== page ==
Skip to main content
eScholarship
Open Access Publications from the University of California

Mental Health Disorders, Health Behaviors, and Attitudes Toward and the Use of Complementary and Alternative Medicine among Graduate Students

  • Author(s): Chan, Michelle Ka-Yun
  • Advisor(s): Evangelista, Lorraine S
  • et al.
Abstract

Background: There is a paucity of research describing the associations between mental health disorders, health behaviors, and attitudes and the use of complementary alternative medicine (CAM) among graduate students.

Aims: To 1) compare mental health disorders (e.g., depression and anxiety), health behaviors (eating habits, sleep, exercise), and attitudes toward and the use of CAM of graduate students from different disciplines; 2) identify the most commonly used CAM modalities among graduate students; and 3) explore associations between sociodemographic variables (e.g., age, gender, discipline, social hierarchy), mental health disorders, health behaviors, and attitudes toward and the use of CAM.

Methods: An online survey was administered from June 2018 to March 2019 to graduate students at a western state university in the U.S. Validated instruments were used to measure mental health disorders, health behaviors, attitudes toward and the use of CAM. One-Way ANOVA and chi-square were used to compare outcomes of interest and Pearson’s r and Spearman’s rho were used to explore bivariate correlations, respectively, depending on the level of measurement.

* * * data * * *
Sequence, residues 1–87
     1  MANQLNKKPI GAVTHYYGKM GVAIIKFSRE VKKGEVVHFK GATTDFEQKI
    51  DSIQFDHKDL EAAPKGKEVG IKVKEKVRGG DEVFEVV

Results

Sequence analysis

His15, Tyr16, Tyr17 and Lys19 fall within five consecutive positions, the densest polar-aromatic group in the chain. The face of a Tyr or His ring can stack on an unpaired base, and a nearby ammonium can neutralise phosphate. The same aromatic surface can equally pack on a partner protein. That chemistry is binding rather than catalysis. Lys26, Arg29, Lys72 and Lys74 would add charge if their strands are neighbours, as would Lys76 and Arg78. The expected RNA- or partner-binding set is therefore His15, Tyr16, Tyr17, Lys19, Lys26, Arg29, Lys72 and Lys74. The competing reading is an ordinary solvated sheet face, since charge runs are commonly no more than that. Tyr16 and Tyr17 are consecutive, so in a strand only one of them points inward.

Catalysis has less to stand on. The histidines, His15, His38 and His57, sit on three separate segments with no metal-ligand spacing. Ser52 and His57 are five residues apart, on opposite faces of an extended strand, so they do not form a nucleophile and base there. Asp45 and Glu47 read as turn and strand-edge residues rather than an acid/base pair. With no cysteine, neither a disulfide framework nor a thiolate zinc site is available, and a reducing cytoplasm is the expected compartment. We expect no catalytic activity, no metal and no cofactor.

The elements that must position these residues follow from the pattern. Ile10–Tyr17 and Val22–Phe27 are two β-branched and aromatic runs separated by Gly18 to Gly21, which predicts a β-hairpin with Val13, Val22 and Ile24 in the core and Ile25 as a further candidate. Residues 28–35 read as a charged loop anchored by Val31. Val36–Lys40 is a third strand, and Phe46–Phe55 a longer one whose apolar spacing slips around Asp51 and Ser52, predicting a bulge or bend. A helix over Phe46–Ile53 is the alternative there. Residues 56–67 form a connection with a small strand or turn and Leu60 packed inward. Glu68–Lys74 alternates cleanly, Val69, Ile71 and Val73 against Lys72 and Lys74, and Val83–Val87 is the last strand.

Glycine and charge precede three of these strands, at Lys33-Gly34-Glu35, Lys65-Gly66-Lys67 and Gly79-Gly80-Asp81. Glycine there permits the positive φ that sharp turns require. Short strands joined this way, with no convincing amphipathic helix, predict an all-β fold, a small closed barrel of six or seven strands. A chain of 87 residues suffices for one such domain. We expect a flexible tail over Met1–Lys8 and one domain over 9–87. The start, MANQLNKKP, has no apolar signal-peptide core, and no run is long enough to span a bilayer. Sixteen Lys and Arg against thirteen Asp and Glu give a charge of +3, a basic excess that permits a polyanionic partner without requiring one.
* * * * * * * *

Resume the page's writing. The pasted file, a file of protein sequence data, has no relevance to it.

Results: A total of 256 graduate students completed the survey, 68% female, and represented Arts/Humanities (9%), Professional (27%), Science, Technology, Engineering, and Math (STEM) (32%), and Social Sciences/Social Ecology (31%) disciplines. Symptoms of depression scores were higher among students from Arts/Humanities, STEM, and Social Sciences/Social Ecology compared to those from Professional disciplines. Anxiety scores were highest among Arts/Humanities students when compared to all other disciplines. Eating at regular times during the day, getting adequate sleep, and increased exercise were associated with reduced symptoms of depression and anxiety. Older age was associated with worse attitudes about CAM while sleep, exercise, and attitudes toward CAM were correlated with the use of CAM.

Discussion/Conclusion: Findings show that symptoms of depression and anxiety are highly prevalent among graduate students. This study highlights graduate students’ health behaviors and attitudes toward and the use of CAM that may compliment efforts of university administration in creating wellness programs that support mental health and potentially reduce mental health disorders.

Main Content
Current View